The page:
If you've been using Linux for a long time, you may be wondering how to set certain parameters from the command line that can keep your settings across programs. Environment variables are how you do this.
By the end, you will have a deep understanding of what environment variables are and how you can create such variables from the command line.
What are environment variables?
Environment variables are variables that should be consistent across all instances of the Linux shell. When you start a program from the shell, it makes a copy of itself, or "forks", and then replaces itself with the program that will run it, known as "exec".
Environment variables are inherited in all copies of the shell that the shell creates, also known as "exporting" variables. Even Windows uses environment variables dating back to the days of MS-DOS, but today most programs rely on the registry and their own preference menus for configuration.
An environment variable can define your preferred editor. So when a program starts the text editor to change a configuration file, this editor is displayed every time.
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Environment variables can be set system-wide by the system administrator, but it is more common for them to be set in startup files for individual users. Conventionally, they are printed in capital letters and identified by a leading "$" character, such as "$ EDITOR" for the standard text editor.
List environment variables
To view the value of an environment variable, use the echo Command. For example, to display the value of the variable $ EDITOR, run the following command:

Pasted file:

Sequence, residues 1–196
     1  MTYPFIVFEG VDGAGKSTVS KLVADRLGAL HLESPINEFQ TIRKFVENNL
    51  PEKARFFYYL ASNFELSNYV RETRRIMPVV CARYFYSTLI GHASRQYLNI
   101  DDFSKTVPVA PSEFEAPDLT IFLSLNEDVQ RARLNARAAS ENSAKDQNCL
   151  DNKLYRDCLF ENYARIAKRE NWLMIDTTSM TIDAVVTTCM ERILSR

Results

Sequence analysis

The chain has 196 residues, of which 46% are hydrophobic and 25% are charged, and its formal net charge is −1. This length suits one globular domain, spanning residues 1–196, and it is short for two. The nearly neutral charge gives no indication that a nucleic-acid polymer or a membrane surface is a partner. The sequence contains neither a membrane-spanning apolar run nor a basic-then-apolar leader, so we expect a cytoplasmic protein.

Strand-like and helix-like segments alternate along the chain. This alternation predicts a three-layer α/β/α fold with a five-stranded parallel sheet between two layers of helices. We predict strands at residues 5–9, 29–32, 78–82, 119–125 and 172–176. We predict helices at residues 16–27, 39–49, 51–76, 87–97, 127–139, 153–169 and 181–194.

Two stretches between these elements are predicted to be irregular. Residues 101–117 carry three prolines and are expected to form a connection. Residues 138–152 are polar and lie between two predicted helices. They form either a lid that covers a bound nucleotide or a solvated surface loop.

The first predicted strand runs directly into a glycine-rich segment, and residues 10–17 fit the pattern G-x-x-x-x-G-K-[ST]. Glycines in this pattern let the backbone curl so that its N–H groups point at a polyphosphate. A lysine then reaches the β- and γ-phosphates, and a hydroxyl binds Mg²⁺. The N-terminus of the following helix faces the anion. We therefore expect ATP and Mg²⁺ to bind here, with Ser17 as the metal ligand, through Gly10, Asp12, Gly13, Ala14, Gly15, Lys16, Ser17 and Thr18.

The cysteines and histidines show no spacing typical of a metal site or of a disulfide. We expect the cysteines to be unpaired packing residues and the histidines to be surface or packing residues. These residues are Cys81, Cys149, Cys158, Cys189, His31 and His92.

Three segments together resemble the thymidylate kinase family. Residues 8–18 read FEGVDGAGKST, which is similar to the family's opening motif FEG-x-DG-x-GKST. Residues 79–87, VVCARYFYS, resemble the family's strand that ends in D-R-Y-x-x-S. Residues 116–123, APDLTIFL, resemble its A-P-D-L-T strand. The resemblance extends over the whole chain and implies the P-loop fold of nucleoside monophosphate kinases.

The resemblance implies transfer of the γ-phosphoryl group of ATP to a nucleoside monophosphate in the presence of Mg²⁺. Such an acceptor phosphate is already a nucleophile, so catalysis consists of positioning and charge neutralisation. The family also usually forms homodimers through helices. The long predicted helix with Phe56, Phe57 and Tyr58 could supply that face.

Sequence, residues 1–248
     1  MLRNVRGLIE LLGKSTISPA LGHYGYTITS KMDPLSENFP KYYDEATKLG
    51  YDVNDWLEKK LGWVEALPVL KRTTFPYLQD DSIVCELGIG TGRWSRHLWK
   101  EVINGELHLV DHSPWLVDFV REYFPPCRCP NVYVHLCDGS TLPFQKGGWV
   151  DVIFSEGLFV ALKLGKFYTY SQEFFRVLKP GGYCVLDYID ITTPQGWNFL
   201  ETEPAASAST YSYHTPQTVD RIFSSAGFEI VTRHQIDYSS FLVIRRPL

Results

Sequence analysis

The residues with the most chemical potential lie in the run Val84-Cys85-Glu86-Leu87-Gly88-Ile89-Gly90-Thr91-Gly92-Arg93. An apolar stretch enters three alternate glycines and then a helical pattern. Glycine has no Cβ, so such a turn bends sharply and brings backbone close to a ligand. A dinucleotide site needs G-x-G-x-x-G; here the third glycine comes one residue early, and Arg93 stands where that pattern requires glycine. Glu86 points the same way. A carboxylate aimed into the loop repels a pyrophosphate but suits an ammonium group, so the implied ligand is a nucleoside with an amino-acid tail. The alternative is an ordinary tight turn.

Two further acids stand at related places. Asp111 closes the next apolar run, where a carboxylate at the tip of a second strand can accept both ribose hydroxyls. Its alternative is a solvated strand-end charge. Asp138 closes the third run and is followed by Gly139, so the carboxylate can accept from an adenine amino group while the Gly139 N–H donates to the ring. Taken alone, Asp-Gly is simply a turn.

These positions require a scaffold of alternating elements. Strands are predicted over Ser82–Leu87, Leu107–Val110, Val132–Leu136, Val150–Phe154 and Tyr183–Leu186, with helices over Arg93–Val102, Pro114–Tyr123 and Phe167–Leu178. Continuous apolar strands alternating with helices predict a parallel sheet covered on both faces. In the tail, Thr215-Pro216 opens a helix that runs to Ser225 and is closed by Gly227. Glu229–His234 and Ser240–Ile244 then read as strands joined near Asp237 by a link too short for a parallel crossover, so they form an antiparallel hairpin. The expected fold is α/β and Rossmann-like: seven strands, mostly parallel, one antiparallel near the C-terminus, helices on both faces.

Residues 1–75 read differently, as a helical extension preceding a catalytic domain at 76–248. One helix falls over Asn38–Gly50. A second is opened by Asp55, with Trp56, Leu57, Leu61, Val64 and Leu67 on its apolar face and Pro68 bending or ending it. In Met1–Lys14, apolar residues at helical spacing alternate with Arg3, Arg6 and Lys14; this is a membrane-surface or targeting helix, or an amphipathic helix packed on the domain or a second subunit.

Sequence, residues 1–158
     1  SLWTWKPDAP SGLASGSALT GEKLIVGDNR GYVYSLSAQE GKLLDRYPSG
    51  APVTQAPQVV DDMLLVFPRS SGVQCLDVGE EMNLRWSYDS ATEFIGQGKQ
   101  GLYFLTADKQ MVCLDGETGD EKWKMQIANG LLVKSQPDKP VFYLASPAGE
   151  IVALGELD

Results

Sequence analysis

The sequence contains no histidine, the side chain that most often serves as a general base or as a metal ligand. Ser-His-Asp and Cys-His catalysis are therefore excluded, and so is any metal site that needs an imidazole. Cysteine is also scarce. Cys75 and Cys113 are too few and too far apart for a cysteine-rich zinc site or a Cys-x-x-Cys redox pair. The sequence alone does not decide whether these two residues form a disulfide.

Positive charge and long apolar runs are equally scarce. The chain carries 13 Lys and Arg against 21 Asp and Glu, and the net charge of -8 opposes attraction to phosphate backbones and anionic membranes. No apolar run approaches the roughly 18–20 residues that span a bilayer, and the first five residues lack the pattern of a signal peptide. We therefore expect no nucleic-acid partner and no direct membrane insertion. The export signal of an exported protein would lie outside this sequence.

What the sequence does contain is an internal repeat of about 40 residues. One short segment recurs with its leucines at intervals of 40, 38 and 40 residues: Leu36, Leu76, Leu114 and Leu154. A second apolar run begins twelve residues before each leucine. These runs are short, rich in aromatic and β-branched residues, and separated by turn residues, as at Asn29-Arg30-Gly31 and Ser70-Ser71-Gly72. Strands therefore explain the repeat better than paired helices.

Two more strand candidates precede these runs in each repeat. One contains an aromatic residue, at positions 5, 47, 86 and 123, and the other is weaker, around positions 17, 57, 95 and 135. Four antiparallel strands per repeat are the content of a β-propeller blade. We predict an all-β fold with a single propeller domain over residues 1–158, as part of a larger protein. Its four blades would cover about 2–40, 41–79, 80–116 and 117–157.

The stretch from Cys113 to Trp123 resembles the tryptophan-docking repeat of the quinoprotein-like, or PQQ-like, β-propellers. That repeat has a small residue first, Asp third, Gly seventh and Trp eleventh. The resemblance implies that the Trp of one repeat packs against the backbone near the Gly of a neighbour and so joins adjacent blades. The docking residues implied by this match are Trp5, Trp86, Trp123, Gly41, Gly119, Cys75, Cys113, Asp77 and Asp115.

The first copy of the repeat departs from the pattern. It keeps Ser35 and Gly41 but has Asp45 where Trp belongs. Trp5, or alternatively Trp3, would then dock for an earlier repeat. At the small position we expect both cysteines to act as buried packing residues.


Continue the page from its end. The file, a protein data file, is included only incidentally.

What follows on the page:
echo $ EDITOR
If it is set, the shell will print the value, e.g. B. "vim", but if it's blank it just prints a blank line.
To display all currently set environment variables, enter "to adjust"on the command line.
Set environment variables on Linux
You can set environment variables in two ways: from the command line or in shell configuration files.
The first method is easy. In bash use the "export"Command. For example, to use the $ EDITOR Environment variable:
export EDITOR = & # 39; vim & # 39;
Note that in this syntax you use the leading "$". You can also use VARIABLE = & # 39; Value & # 39;, but that only extends to that particular instance of the shell, which means that the shell will reset the changed value as soon as you close the terminal.
Now your editor is Vim or any other text editor that you use in this session and any subshell that launches it. If you want to keep your environment variables between different shell sessions, set them in your shell's startup files.
Bash reads multiple files at startup: / etc / profile, / etc / bash / bashrc, .bash_profile, and .bashrc. The first two are system-wide and only a system administrator can change them while the rest are in your home directory.
the .bashrc File is what you want to edit as it affects interactive shells whether or not it is running as a login shell. If you are using the shell of a terminal emulator, .bashrc is read.
The method of setting environment variables in a file is the same as setting it on the command line. Just attach it export VARIABLE = & # 39; Value & # 39; Command in the shell configuration file. When you're done, save the file and start a new shell.
Note that Linux users can also change the default shell from Bash to another shell. For those who have this, you'll have to edit your shell's configuration file instead of .bashrc, this is the configuration file for bash.
Now you know how environment variables work
Environment variables allow you to use consistent settings for all of your shell sessions. Shell variables are an important part of shell scripting, something every Linux user should know.
What is shell scripting and why should you use it?
In addition to accepting and executing commands interactively, the shell can also execute commands stored in a file. This is known as shell scripting. Here we cover the basics of shell scripting.
About the author
(64 published articles)
David is a freelance writer living in the Pacific Northwest but originally from the Bay Area. He has been passionate about technology since childhood. David's interests include reading, watching quality TV shows and movies, retro games, and collecting records.
By David Delony
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